Tuesday, April 30, 2013

The Amazing Math Race

I always have a six weeks project.  Four years ago, I was thinking of what project I could do for the fifth six weeks.  I had shown a few clips for CBS' Amazing Race during the year.  Of course these clips held mathematical content.  The class said it would be fun to do an Amazing Race, so the project was created.

The race has five questions with five events/obstacles.  It even has a detour and a roadblock.    The race features one question from the five categories:

Pythagorean Theorem

We go outside during the class and they perform my race (in groups of 3-4).  They have a blast!  They are answering math questions, being outside, and performing tasks.  They don't even look at is as being work.

Only one member can use his/her legs to go to the question.

Blowing bubbles

Measuring diameter

Pythagorean Theorem
I allow each group to have:
dry erase board with a marker
formula chart

Once they solve the question, they bring me the answer on the board.  I must be able to see the work, and the label (if any) must be correct.  I have flags set up for each question.  They must go to that flag to work or rework the problem.  Once they are correct, they get to complete the event.  It always goes very smoothly, and the competitive nature comes out.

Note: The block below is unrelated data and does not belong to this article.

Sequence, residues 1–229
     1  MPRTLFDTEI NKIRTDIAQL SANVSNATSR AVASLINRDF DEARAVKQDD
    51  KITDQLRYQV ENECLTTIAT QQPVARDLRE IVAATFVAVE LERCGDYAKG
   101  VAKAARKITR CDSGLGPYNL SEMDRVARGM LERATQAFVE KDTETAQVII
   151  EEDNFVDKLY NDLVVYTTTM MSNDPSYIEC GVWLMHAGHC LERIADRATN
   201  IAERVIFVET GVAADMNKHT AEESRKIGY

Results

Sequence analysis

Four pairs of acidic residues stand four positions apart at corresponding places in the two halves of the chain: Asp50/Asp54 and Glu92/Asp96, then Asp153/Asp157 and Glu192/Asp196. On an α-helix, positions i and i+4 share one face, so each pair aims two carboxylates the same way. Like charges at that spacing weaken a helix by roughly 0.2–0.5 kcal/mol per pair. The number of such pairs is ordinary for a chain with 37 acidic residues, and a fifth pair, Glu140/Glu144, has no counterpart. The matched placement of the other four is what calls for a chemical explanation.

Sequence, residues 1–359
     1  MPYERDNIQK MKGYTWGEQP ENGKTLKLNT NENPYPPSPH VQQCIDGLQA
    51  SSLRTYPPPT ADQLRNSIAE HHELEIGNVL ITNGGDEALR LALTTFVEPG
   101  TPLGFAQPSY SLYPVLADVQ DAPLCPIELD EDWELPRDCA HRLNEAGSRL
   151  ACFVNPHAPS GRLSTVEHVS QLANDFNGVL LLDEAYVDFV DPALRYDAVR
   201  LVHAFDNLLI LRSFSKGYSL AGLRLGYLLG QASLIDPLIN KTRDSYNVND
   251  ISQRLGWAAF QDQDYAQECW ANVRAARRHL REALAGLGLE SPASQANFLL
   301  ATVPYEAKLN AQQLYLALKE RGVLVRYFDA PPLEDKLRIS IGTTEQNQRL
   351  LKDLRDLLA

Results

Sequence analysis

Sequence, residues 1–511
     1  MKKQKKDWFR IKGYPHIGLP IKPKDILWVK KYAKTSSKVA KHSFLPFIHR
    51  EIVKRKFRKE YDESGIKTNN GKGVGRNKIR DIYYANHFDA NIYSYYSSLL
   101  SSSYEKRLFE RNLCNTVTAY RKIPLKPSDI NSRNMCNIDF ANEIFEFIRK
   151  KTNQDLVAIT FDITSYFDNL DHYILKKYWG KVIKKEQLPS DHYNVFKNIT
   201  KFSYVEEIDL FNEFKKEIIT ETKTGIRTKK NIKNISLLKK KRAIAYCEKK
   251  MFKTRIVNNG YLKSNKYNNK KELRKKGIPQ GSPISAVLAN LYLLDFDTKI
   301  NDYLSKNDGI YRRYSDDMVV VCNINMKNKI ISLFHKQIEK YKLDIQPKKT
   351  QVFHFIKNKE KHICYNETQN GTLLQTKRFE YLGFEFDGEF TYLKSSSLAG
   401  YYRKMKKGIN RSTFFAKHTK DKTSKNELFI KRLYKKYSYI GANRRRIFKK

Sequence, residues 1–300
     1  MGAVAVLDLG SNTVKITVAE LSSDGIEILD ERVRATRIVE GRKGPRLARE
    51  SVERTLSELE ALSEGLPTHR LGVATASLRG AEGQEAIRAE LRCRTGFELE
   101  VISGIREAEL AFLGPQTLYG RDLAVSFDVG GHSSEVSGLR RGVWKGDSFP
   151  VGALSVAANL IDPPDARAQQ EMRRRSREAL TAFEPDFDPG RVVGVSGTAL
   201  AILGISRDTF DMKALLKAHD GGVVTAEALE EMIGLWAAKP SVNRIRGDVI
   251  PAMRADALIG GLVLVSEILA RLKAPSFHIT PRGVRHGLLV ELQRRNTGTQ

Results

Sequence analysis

I have each question printed on cardstock and laminated.  I have used the same questions since I started this four years ago!  I have enough questions for each group.  For my race, here are the items you will need in addition to the questions.
dowel rods, string and tape measure
hula hoops and measuring stick

Event flags (laminated and hot glued)

bubbles and bubble gum

After they complete my race, I give them the information sheet they need in order to create their own race.  They may work in groups of 3-4.  They must have five questions and five events.  It takes about two days to make it through all the groups. By the time we are done, the kids have answered 30-42 questions.  It is great, and we get to spend some time outside!

Here is the criteria:

The objectives of this project are to:
(1) help students better understand mathematical concepts and formulas by applying them in a fun and dramatic setting